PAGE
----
Mammals of Cedar Creek




Cedar Creek has long had a resident population of Coyotes (Canis latrans).  Sightings are fairly frequent and their mid-summer yelping is unmistakable.  An infrequent visit by a Timber Wolf  (Canis lupus) is not out of the question as there is a resident pack in Pine County ca. 40 miles from here.
Red Fox (Vulpes vulpes) are fairly common here and Gray Fox (Urocyon cinereoargenteus) though less frequently encountered is also present.  Red Fox frequently dens in burrows in fields with a view, while Gray Fox prefers denning under woodland snags.  Preferred prey of both are small mammals.

An occasional Black Bear (Ursus americanus) wanders through the Area, but there is no resident population.  Numerous bear sightings in the Twin Cities Area in 2002--a result of xxx.

Raccoon (Procyon lotor) have attained pest status at Cedar Creek.  They forage in unlidded trash bins and are terrors of garden produce.  Having no true hibernation they frequently emerge from winter dens on mild late winter days.  They are abundant roadkills.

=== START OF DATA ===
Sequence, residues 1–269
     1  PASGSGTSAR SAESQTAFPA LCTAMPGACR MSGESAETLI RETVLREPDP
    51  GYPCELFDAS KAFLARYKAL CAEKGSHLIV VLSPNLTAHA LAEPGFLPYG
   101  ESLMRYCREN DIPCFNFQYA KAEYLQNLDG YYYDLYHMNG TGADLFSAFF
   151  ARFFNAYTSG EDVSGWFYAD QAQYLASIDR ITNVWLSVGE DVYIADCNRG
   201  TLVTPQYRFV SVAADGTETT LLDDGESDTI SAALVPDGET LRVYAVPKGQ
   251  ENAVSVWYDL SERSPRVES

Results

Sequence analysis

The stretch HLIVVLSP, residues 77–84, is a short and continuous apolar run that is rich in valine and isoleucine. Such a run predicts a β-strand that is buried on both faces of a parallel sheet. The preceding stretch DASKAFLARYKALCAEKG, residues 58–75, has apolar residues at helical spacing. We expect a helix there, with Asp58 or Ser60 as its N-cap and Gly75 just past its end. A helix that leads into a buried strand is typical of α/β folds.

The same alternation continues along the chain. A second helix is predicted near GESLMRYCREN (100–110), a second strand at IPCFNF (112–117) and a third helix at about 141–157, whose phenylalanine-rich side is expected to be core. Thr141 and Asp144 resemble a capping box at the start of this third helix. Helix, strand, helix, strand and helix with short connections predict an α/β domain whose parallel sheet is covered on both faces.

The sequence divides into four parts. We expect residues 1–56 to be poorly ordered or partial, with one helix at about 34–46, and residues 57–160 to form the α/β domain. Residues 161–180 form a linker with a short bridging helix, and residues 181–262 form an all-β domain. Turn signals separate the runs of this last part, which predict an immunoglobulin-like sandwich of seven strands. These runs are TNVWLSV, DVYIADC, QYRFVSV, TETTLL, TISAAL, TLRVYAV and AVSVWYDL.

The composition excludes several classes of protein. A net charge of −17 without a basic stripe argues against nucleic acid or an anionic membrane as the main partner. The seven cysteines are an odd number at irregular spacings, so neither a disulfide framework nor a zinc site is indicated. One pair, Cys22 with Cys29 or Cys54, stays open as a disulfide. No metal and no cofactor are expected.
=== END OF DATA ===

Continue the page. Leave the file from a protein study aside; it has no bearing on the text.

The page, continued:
Cedar Creek has nine members of the Weasel FamilyMink (Mustela vison) and Short and Long-tailed Weasels (Mustela erminea, Mustela frenata) are fairly common but infrequently seen.  The Least Weasel (Mustela nivalis) is uncommon.
Badger (Taxidea taxus) sign is abundant in our abandoned fields where they have dug numerous shallow pits attempting to catch gophers, their preferred prey.  Rick Lampe PhD Thesis on these disagreeable fellows.
The Striped Skunk (Mephitis mephitis) is a common woodland species and roadkill.  The Spotted Skunk (Spilogale putorius) has been collected here but may no longer occur as there have been no recent sightings.
River Otter (Lutra canadensis) have been fairly common along the creek in recent years and there are infrequent sightings on Cedar Bog Lake and Fish Lake in the fall.

Other than the Domestic House Cat, there may well be no members of the Cat Family presently occurring on CCNHA.  Bobcat (Lynx rufus) were fairly common in the 1950's and 1960's when we had a resident Snowshoe Hare population in our white cedar swamps.  There have been sightings, scats, tracks are recently as the 1980's.  It is unlikely that any Lynx (Lynx lynx) or Cougar (Felis concolor) are residents, but it is not out of the realm of possibility that a vagrant might turn up at some point.